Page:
Java User Group Meetup (Structure101)
I attended my very first Java User Group meetup today held at Free Times Cafe near College and Spadina. The meetup room was packed, and most of the attendees were senior java devs. The presentation was about bridging the gap between the low level architecture of the application and the actual code.
The problem is that in large scale systems, critical systems and large monolithic codebases, there are a ton of dependencies between the various classes, packages and modules. Visualizing these dependencies is important for devs who want to refactor code either to remove cyclic dependecies or devs who want to layer their code in an organized and maintainable manner. Also, without a visualization, devs will have a harder time understanding the low level architecture of the app. Finally, if a dev changes a piece of code that has a ton of dependents, a dependency graph visualization would be great to determine the impact of any change.
Structure101 is an IDE plugin that helps devs visualize these dependencies. The visualizations are created based on Java bytecode, so basically this can only be used for compile time analysis (reflections not supported). Structure101 is able to detect cyclic dependencies and also higlight suspicious dependencies (e.g., where a lower layer, like a utility class calls a higher layer, like a service class). Additionally, devs can define a dependency specification between modules (best practices) and overlay this spec on their dependency visualization in order to detect violations. Junior devs who write code that violate these specs (e.g., a service package calls a helper package and the helper package cannot call the service package) can be notified automatically.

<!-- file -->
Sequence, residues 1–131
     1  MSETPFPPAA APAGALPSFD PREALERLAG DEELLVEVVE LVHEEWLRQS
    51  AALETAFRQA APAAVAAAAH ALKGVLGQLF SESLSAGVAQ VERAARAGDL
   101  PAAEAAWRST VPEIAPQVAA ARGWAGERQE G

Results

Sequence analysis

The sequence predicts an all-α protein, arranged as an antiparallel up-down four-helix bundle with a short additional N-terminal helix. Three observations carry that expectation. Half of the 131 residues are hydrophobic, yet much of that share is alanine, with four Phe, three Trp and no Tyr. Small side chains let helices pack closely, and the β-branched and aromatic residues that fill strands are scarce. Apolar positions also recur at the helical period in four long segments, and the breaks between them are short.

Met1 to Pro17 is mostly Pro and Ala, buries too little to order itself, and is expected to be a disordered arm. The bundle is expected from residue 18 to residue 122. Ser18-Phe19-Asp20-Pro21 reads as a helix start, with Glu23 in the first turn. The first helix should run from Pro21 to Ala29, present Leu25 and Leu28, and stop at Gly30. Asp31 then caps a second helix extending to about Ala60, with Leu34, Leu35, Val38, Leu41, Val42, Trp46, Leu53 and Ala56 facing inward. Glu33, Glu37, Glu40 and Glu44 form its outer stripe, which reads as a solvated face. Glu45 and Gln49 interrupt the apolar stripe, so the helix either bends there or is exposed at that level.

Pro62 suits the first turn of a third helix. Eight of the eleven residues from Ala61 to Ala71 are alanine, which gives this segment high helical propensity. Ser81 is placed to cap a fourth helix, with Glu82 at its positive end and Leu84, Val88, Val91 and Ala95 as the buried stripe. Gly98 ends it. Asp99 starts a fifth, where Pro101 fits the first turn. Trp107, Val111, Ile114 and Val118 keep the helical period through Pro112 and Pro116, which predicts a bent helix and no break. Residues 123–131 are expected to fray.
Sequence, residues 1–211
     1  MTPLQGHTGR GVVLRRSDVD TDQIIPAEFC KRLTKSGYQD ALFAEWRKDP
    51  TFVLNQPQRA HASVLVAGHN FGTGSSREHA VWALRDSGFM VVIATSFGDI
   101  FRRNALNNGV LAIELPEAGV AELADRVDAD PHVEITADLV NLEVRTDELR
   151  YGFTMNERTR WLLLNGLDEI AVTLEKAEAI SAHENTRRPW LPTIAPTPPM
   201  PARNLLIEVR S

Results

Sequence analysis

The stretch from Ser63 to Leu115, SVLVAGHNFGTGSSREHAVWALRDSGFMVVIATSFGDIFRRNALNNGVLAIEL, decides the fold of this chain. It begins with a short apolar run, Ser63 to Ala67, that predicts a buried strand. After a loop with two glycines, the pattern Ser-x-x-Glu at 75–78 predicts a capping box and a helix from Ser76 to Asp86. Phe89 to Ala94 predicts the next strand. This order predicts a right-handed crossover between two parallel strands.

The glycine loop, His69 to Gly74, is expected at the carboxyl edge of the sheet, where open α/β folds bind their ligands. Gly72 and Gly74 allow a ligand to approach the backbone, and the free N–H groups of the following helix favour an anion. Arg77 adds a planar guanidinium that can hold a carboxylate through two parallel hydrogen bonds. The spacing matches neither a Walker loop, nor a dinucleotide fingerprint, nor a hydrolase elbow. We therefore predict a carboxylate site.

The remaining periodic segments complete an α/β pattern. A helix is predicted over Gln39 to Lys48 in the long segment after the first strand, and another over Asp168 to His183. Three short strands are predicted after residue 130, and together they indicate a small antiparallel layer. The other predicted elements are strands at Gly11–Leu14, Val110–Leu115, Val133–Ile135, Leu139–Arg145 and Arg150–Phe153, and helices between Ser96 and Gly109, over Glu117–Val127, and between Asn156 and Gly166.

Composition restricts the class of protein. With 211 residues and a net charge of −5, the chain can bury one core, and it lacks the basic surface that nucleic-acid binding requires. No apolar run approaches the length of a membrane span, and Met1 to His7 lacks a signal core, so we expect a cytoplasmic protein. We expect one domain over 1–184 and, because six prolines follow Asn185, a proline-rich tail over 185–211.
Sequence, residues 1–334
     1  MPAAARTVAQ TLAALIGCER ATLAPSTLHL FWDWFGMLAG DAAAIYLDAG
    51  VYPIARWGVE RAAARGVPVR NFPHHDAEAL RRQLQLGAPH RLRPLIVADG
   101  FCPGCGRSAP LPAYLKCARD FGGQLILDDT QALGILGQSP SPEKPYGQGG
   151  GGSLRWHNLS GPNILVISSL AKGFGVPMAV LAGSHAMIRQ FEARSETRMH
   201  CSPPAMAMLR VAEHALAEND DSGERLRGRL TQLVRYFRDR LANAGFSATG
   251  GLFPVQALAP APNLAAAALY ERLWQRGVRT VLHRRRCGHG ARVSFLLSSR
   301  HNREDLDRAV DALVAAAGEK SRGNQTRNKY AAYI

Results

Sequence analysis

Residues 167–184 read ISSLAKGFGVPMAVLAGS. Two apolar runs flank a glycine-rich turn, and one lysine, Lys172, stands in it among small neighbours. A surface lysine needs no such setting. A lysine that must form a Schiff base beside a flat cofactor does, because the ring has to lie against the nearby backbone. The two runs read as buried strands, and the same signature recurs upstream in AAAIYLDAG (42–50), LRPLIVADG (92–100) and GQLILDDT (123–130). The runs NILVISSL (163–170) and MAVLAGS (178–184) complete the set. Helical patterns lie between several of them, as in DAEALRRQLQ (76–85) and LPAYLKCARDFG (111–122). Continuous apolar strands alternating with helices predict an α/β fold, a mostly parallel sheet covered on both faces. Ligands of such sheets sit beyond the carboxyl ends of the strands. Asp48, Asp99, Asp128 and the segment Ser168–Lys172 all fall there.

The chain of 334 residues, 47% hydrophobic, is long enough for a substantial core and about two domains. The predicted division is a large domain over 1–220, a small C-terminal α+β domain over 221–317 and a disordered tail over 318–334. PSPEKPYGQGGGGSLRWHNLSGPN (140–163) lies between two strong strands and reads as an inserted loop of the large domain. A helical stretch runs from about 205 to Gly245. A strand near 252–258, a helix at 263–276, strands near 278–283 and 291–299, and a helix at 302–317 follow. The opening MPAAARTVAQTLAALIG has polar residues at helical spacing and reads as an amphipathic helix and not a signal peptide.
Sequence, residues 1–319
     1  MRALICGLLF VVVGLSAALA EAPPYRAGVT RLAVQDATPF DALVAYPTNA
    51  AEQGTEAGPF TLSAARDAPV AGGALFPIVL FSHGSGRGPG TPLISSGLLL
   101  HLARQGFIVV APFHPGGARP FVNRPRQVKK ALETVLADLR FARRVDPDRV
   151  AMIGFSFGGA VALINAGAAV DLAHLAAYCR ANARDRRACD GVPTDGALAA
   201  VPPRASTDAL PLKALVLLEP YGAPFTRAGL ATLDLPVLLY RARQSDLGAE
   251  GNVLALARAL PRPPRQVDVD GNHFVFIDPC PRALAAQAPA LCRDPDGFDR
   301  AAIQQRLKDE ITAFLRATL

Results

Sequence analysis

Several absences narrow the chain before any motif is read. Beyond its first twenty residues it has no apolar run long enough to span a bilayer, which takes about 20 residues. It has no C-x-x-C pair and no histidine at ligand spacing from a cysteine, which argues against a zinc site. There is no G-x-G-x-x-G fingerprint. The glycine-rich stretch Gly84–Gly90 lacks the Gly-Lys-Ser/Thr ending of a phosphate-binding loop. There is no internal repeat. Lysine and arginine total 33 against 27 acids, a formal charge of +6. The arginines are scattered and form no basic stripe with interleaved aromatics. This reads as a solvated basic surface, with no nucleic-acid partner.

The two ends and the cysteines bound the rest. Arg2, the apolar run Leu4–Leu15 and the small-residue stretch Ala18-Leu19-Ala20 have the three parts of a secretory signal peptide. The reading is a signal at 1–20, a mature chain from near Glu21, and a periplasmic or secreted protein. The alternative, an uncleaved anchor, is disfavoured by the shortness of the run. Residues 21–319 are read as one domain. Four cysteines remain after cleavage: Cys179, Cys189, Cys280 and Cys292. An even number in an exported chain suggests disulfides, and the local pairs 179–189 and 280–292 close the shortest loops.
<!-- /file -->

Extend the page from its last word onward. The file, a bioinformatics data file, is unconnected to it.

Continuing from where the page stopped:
From my limited understanding, Structure101 is immensely helpful if you want to refactor large codebases or if you maintain codebases for critical systems. For smaller codebases, or a microservice scenario where dependencies are expressed across systems (rather than within monoliths) Structure101 is less useful.